International journal for numerical methods in fluids

Vol. 71, num. 6, p. 687-716

DOI: 10.1002/fld.3680

Date of publication: 2013-02

Abstract:

We present an efficient technique for the solution of free surface flow problems using level set and a parallel edge-based finite elementmethod. An unstructured semi-explicit solution scheme is proposed. A custom data structure, obtained by blending node-based and edge-based approaches is presented so to allow a good parallel performance. In addition to standard velocity extrapolation (for the convection of the level set function), an explicit extrapolation of the pressure field is performed in order to impose both the pressure boundary condition and the volume conservation. The latter is also improved with a modification of the divergence free constrain. The method is shown to allow an efficient solution of both simple benchmark cases and complex industrial examples.]]>

International Workshop on Statistical Atlases and Computational Models of the Heart

p. 26-33

DOI: 10.1007/978-3-642-36961-2_4

Presentation's date: 2012-10

Abstract:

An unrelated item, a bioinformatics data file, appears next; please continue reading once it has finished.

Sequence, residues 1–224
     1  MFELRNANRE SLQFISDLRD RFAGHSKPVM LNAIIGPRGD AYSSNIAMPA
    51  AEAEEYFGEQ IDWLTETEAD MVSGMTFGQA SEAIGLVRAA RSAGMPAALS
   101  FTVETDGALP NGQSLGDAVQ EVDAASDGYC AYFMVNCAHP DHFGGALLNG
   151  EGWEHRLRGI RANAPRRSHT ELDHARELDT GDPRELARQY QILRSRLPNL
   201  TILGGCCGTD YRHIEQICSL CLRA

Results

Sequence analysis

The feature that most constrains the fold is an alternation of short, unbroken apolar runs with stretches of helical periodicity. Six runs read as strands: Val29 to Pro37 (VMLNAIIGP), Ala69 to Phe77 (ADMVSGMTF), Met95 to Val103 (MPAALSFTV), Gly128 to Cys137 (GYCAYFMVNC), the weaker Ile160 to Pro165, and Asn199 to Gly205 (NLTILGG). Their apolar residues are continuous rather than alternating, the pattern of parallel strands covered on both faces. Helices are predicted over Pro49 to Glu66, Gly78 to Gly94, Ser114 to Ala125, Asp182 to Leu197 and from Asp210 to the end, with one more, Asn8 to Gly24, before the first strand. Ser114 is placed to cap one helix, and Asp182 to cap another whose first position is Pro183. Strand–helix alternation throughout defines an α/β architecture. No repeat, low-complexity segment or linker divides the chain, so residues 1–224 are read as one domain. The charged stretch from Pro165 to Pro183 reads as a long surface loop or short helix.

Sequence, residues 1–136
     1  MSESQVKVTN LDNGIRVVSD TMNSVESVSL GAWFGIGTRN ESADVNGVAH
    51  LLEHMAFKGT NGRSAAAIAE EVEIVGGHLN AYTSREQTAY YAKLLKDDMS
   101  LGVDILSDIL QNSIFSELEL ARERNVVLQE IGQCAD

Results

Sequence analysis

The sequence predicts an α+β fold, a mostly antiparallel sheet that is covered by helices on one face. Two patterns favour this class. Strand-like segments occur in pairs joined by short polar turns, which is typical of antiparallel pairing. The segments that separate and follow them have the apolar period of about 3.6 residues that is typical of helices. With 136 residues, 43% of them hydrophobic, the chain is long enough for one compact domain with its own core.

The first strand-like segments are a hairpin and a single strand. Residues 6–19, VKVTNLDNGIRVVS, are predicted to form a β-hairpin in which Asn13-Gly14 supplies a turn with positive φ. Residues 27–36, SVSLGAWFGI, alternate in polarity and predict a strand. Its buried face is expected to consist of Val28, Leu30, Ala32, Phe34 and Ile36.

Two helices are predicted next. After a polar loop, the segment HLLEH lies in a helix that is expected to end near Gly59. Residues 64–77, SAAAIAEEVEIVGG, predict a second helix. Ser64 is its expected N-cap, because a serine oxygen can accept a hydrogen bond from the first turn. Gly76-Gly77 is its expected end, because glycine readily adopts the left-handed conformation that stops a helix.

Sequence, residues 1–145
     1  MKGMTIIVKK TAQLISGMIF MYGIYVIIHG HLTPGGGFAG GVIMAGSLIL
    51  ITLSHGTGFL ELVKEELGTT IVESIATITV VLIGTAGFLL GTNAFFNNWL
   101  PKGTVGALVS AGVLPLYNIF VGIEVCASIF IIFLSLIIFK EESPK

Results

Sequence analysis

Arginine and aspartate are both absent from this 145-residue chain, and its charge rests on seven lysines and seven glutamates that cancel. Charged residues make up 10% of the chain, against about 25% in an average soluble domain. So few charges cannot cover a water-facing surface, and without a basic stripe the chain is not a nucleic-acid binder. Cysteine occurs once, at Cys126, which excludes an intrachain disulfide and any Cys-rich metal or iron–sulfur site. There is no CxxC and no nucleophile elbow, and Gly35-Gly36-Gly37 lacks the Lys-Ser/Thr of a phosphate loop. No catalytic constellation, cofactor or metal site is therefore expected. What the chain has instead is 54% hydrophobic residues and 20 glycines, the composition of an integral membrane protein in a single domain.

Aortic Coarctation is a congenital constriction of the aorta that increases blood pressure above the constriction and hinders the flow below it. Based on a 3D surface mesh of a moderate thoracic coarctation, a high quality volume mesh is created using an optimal tetrahedral aspect ratio for whole domain. In order to quantify the severity of this constriction, a coupled 1D lumped-parameter/3D CFD approach is used to calculate the pressure drop through the coarctation. The CFD computation is performed assuming that the arterial wall is rigid and the blood is considered a homogeneous Newtonian fluid with density r = 0.001 gr/mm3 and a dynamic viscosity m = 0.004 gr/mm/sec in laminar flow. The boundary conditions of the 3D model (inlet and outlet conditions) have been calculated using a 1D model. Parallelization procedures will be used in order to increase the performance of the CFD calculations